A new variant of the infamous Joker malware has once again made it onto Google Play, with Google removing 11 malicious Android applications from its official app marketplace, researchers disclosed Thursday.
Malicious apps spreading the Joker have continued to skirt Google Play’s protections since 2019, because the malware’s author kept making small changes to its code. However, researchers say that Joker is now raising the bar, using a tactic – one that’s well known but not yet been used by Joker before now – to hide malicious code inside legitimate applications, allowing it to get through Google Play’s app vetting process.
“Joker adapted,” said Aviran Hazum, manager of Mobile Research with Check Point Research, in a Thursday analysis. “The Joker malware is tricky to detect, despite Google’s investment in adding Play Store protections. Although Google removed the malicious apps from the Play Store, we can fully expect Joker to adapt again. Everyone should take the time to understand what Joker is and how it hurts everyday people.”
Joker is a billing fraud family of malware that first emerged in 2017, but started appearing in earnest in 2019. It advertises itself as a legitimate app, but once installed, it infects victims post-download to steal their SMS messages, contact lists and device information; as well as also stealthily signing them up for premium service subscriptions that could quietly drain their wallets.
The most recent variant of the malware uses a tactic where it hides malicious code inside what’s called the “Android Manifest” file of a legitimate application. Every application has an Android Manifest file in its root directory, which provides essential information about an app, such as its name, icon and permissions, to the Android system.
Joker has been building its payload before inserting it into the “Android Manifest” file via a dex file, hidden in the form of Base64 encoded strings. This payload is hidden during Google Play’s evaluation of the app, making it easier to skirt by the app vetting process. It’s not until after the app has been approved in the evaluation process that the campaign starts to operate, with the malicious payload decoded and loaded onto the compromised device. It’s important to note that this trick is well-known to developers of malware for Windows PCs, said researchers.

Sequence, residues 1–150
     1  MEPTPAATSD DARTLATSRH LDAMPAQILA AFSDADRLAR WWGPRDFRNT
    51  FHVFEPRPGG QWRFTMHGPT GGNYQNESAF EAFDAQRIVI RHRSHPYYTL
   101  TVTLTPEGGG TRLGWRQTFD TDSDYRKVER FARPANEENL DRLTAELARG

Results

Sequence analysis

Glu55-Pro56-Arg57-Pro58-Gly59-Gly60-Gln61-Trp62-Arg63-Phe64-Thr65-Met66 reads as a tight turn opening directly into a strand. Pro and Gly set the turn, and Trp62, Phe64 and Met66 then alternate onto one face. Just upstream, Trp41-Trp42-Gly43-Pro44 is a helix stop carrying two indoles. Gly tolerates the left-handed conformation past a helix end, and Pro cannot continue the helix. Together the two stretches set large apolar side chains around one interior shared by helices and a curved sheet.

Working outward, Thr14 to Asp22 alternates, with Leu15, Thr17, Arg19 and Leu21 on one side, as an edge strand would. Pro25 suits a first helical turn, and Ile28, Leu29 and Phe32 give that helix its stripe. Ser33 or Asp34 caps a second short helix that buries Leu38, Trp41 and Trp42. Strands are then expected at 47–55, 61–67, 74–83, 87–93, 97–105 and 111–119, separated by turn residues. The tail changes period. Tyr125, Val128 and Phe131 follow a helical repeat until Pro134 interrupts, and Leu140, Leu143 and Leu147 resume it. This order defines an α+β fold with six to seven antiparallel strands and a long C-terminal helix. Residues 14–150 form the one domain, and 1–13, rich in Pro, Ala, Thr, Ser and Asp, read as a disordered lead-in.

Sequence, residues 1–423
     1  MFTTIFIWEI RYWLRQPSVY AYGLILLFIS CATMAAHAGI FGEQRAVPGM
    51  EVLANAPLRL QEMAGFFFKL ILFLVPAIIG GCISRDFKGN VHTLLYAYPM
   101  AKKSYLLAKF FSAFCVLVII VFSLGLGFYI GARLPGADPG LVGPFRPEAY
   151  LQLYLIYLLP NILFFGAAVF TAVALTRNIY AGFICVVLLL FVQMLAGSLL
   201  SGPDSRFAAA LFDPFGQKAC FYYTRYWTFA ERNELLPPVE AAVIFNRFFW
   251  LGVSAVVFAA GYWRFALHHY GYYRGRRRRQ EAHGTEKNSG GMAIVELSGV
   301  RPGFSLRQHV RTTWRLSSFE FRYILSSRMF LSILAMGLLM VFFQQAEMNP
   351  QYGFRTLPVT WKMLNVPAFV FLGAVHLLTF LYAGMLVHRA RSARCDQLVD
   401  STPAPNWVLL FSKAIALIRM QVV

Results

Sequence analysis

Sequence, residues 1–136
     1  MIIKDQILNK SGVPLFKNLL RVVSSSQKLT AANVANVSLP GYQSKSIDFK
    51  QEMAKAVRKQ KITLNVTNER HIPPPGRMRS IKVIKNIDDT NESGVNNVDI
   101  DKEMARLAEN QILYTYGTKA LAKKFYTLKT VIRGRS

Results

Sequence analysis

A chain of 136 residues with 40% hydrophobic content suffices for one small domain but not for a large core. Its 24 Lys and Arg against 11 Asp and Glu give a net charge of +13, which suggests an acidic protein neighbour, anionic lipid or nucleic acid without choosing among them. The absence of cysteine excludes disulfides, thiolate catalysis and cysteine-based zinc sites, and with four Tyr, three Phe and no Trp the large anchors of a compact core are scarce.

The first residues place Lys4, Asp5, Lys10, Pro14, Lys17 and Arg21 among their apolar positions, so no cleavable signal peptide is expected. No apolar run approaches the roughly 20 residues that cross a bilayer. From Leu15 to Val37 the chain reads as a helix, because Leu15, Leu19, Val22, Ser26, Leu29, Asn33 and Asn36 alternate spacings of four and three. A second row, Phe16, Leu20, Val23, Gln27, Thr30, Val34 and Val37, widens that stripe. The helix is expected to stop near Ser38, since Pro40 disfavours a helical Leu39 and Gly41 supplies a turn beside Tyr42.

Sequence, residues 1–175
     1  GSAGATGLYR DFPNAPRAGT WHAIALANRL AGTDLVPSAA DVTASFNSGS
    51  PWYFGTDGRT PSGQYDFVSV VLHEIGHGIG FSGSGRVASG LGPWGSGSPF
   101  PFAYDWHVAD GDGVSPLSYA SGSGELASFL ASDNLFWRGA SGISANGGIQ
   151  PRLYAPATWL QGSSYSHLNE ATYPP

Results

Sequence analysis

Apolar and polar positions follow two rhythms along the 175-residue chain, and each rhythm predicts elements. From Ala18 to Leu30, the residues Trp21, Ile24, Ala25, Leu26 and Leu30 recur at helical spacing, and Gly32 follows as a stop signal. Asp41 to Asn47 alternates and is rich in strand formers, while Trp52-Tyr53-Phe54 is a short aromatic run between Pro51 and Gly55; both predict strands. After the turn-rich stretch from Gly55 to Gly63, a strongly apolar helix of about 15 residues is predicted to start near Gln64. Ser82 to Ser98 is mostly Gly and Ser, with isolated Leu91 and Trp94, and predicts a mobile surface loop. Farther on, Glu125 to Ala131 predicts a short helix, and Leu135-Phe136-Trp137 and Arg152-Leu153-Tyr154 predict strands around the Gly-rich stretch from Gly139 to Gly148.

“This way, the malware does not need to access a [command-and-control] server, which is a computer controlled by a cybercriminal used to send commands to systems compromised by malware, to download the payload, the portion of the malware which performs the malicious action,” said researchers.
Researchers also detected an “in-between” variant, that utilized the technique of hiding the .dex file as Base64 strings in the app.
However, “instead of adding the strings to the Manifest file, the strings were located inside an internal class of the main application,” said researchers. “In this case, all that was needed for the malicious code to run was to read the strings, decode them from Base64, and load it with reflection.”
The apps detected that contained Joker malware ranged from memory training games to flower-themed phone wallpaper (see below for the package names).
The Joker malware continues to hoodwink its way onto Google Play via legitimate applications. In January, researchers revealed that Google removed 17,000 Android apps so far from the Play store that have been conduits for the Joker malware (a.k.a. Bread). At the time, researchers said that Joker’s operators have “at some point used just about every cloaking and obfuscation technique under the sun in an attempt to go undetected.” In 2019, researchers also spotted 24 malicious apps – with a total of 472,000 installs – on the official Android app marketplace that were spreading the Joker malware.
“Our latest findings indicate that Google Play Store protections are not enough. We were able to detect numerous cases of Joker uploads on a weekly basis to Google Play, all of which were downloaded by unsuspecting users,” said Check Point researchers.
Check Point researchers disclosed their findings to Google and all reported applications were removed from the Play Store by April 30, they said. Threatpost has reached out to Google for further comment on this incident and on its Google Play vetting process.
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